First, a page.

“Documents obtained by CBC News through access to information show that Alberta Health Services were regularly (bolding mine) sending faxes intended for Strathcona Home Care to a custom home builder in Sherwood Park over a two-year period.” (3) “At one point the builder was receiving as many as one fax each week.” (3)  “Despite repeated calls, the faxes continued until company owner Dianne Ingram sent AHS a fax of her own.” “She scrawled, “You have the wrong fax number!! Stop faxing us!!.” (3)  Also faxes were sent to a manufacturing company. (3)

“Patients often go uninformed when their information is disclosed.”  (3)

“While AHS is not obligated to report breaches, Hamilton (Brian Hamilton, with the Office of the Alberta Information and Privacy Commissioner) said his office encourages AHS to inform all patients whose privacy has been breached.” (3)  Sorry, but, in my opinion, “encourage” is essentially meaningless.

“’This is highly sensitive information and an issue of public trust,” privacy commissioner Frank Work said. “How can the public have faith in public bodies if they can’t provide security for personal information?”‘ (7) (Bolding Mine). He was referring to laptops but it is just as relevant to faxes.

‘”It’s surprising,” Hamilton said during an interview. “The health sector in particular, spends millions of dollars on information systems with secure access, and yet people keep faxing.”‘ (3)

“Sending personal information by fax is a less secure method of transferring information compared to encrypted emails, he said.” (3)

Dr. Verna Yiu, with Alberta Health Services said “We do rely on cooperation of the recipient to let us know that” (they have received a mis-fax), “and I would have to say that in general (italics mine) people are pretty co operative about that.” (3)  This is NOT a privacy policy.  This is NOT how you protect patient information.

 

Some Questions:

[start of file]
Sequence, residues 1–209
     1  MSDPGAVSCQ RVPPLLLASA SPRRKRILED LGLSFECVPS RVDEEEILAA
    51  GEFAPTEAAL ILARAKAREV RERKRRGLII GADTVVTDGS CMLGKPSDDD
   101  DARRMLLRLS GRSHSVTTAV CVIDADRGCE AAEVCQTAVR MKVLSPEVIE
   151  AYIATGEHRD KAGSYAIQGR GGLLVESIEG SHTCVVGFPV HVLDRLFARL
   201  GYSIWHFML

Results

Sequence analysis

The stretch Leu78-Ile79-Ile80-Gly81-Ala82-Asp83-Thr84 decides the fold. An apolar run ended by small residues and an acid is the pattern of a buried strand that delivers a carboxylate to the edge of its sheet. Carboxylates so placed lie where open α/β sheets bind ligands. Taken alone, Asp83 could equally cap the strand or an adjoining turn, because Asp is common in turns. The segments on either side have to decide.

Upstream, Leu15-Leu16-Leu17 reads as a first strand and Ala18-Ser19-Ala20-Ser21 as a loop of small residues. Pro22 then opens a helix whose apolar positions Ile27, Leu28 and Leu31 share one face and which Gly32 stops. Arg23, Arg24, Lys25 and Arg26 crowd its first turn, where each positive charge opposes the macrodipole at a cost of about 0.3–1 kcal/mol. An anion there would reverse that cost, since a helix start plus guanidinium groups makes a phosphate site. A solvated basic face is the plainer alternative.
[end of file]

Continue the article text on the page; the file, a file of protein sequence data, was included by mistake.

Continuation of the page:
1. In all these cases, the doctors offices, violating patients privacy, were not identified. Should they be? Would you want to know who is not taking care of your information?
  2. Most people who violate people’s privacy are either not disciplined, disciplined (ex. A day or more off without pay), or fired. Should the penalties be stiffer? Do we have a right to know what disciplinary action is taken under what circumstances so we can determine if this is sufficient or excessive?
  3. Don’t you think THE PATIENT should be notified in all cases so the PATIENT can decide the degree of harm in violating the patient’s privacy?
  4. Should there be a central phone number that people can call when they receive medical information that belongs to someone else?

You may have noticed the trend by the government/medical system: it’s someone else’s responsibility, there is nothing we can do, false promises to fix it or we’ll look into it but the people never hear if anything was ever done to fix the problem.  And if it hits the media, the “problem” is sent to the privacy commissioner, who writes a report.  The report may say “Order No.” but it is not an order, it is a recommendation which the medical system is free to, and I suspect in most cases does, ignore.  So what changes – NOTHING.  Mistakes are made, and I think people would be mostly forgiving, if they knew concrete steps had been taken to fix the problem.  Instead we get propaganda – we’ll fix it, trust us, trust us.  Save the money from all these useless, money-sucking,, reports and put it into software/training for something positive such as end-to-end encryption and enforcement; privacy might be protected and money saved.

And, these violations are only the ones that are reported to the media. These are, no doubt, the proverbial tip of the iceberg.  I suspect there are some medical people who are very careful about patient’s privacy.  But, we don’t know who they are, therefore all are suspect.

I am deeply grateful to Ms. Belanger and Ms. Igram for sharing the information with the media; and to CBC News for publicising the problem. It is the only way we are learning that our information is not protected.  And, until we know the truth, we cannot try to fix the problem.

* I contacted a Minister of Health, Victor Boudreau, twice and requested an organizational chart/description of the health system in a province (who reports to whom and what are their responsibilities). Never got a reply (see future post tentatively titled “My Story – Part II).

 

  1. Mental health records sent to Nova Scotia spa in error over last decade – Yvonne Colbert, 07 Apr 2016, CBC News
  2. Victim of mental health privacy breach in Nova Scotia feels “very exposed” – Yvonne Colbert, 08 April 2016, CBC News
  3. Unsecure faxes put health data of Albertans at risk – Kim Trynacity, 10 Feb. 2014, CBC News
  4. N.W.T. Hospital clamps down on medical faxes – 07 Jul 2010, CBC News
  5. Privacy commissioner says doctors should move faxing patient referrals – Yvonne Colbert, 23 Nov. 2016, CBC News
  6. CBC Yellowknife newsroom gets 6th medical fax in 2 years – 30 Jul 2012, CBC News
  7. Security on stolen laptops was inadequate: privacy commissioner – 24 Jun 2009, CBC News